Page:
You might recall some of the events I’ve described from down here in Podunkville; namely, the Norfolk County Fair and the PD 13 Bike Rally. I’ve yet to describe Pumkinfest, nor have I ever tried to give credence to Cornfest, Bayfest, or Watermelonfest. Suffice it to say, that around here it’s pretty festive all year round. Hell, I have my very own Beerfest every weekend here at the homestead
So, in keeping with this blog space, I’d like to tell you about something a little different. Jimbo attended the Open Jam at the Scotland Restaurant/Bowling Alley/Hole in the Wall/Entertainment Complex and had a hell of a good time.
Here’s the lowdown on the hoedown.
My sister-in-law and brother-in-law invited us to meet them at the venue, assuring us that we will really enjoy the entertainment and the atmosphere.
“Meet us there at 7:15, and we’ll get to see the kids perform,” my sister-in-law said.
Hey, if there are kids there it’s got to be safe, right? Besides, old Jimbo has had a lot of first hand experience with “low places” so this couldn’t be any worse.
But, I did relate to you in my last blog that, upon seeing the place, my daughter said, “Dad, that place looks like a dump. You’re not really going there?”
You have to realize my daughter is into the club scene, you know, with all the glitter and flashing lights.
Out of concern, and just before were about to leave the house, my daughter said to my wife (with a chuckle), “Don’t you be picking up any stray men there tonight, mom!”
Not to be outdone, my son said, “Dad, I don’t want to see you on a youtube video either?” We’d been discussing the inappropriateness of “Bum Fights “and a current video of one of his friends in a dust up.
Our kids are supportive of our social life and their concern for us goes unmatched. After all, we’re financing their lifestyle, aren’t we.
In essence, our commitment to this event was not unlike a “blind date”. We really didn’t know what we were getting ourselves into. So, when we pulled up in the vehicle we decided to “set for a spell” and reconnoiter the surroundings. Our partners in crime were on their way, so we had a few minutes to spare.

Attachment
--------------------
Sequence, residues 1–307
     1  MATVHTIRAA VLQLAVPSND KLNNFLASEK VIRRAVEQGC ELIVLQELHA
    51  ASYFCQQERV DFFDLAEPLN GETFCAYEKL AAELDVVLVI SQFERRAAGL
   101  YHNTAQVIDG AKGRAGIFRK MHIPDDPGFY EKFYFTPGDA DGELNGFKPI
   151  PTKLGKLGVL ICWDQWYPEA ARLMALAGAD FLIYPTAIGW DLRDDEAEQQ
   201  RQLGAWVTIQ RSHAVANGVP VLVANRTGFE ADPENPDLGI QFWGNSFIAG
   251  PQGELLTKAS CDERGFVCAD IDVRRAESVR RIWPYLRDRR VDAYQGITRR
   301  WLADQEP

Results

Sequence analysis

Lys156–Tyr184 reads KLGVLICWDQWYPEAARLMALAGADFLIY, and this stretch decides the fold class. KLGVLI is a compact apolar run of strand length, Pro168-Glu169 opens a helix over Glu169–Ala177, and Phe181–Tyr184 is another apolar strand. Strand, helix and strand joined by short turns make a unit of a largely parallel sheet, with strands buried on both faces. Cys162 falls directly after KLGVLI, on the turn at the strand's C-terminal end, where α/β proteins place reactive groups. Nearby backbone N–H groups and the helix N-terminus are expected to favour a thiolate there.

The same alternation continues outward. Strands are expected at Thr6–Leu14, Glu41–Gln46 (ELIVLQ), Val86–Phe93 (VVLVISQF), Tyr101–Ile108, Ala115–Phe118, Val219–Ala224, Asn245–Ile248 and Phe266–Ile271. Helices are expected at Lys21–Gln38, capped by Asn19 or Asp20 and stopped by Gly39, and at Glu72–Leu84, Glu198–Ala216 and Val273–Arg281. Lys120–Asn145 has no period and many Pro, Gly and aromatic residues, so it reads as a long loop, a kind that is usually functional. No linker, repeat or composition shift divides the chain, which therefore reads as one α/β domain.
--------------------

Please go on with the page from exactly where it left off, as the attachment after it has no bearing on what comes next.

As the cars pulled up, we assessed the clientele and felt that, with the number of senior citizens attending, perhaps personal safety would not be an issue. Of course, that was blown out of the water when a few others looked like bikers from Hell.
No matter, as I said to my wife, “I’ve seen some pretty rowdy seniors at bars, you know! And, remember, Willy Nelson looks pretty scruffy at times.”
When we hooked up with my in-laws and their friends at the doorway, anticipation was at the max, and so, with some trepidation, we entered the establishment.
I’d entered these doors once before, a long time ago, when my youngest had to pee on our way back from a baseball game. The interior was just as I remembered. The restaurant was small, road house style and at the moment completely empty. We followed deeper into the bowels of the joint, only to discover that the bowling alley had been converted into a rustic music hall.
The atmosphere was so “Hoedown” rustic, that I felt I was walking through a portal, back in time to another era. The tables and benches were in kind of a random configuration, the lighting subdued and the clientele leaning on the side of, Rest Home residential. There were a few old instruments attached to the wall, some wagon wheels and, of course, a walk up bar with gathering of cowboys nestled around it.
I say this because the dress code was a little bit down-home country. There were cowboy hats, Feed Store farmer caps, plaid lumberjack shirts and whole whack of boots and dancing shoes.
A sign beside the stage said, “If you don’t play country, you don’t play here!”
The safety issue was not a concern for us because:
My brother-in-law and his buddy are cutting horse cowboys, as big as pack mules and strong enough to fight off the hoards whilst holding me above their head with one hand. And, I may be turning sixty but I still can kick an eighty year olds ass.
As we sat drinking our first round, the musicians began to file in one-by-one. They were required to write their name on a White Board such that the order of the night’s entertainment might be determined. All the while, a group of talented elderly gentleman was playing country music as if we were back in the 1950’s. I didn’t know the songs but I certainly recognized the “twang “and “dag nab it” these guys were good. It was like listening to Flatt and Scruggs play the intro to the “Beverly Hillbillies”, ten times over.
I got to thinking about the stories these guys could tell, given that they had obviously played in bands and bars over the course of their lifetimes. The look of utter joy on their faces and their musical competence gave evidence to the fact that this was going to be no amateur show.
When the little ones hit the stage (A little girl and her two older brothers) the real entertainment began. They played along with their grandfather and “Uncle Don “and they sang and played their little hearts out. I hadn’t heard Bluegrass live since I was in my 30’s.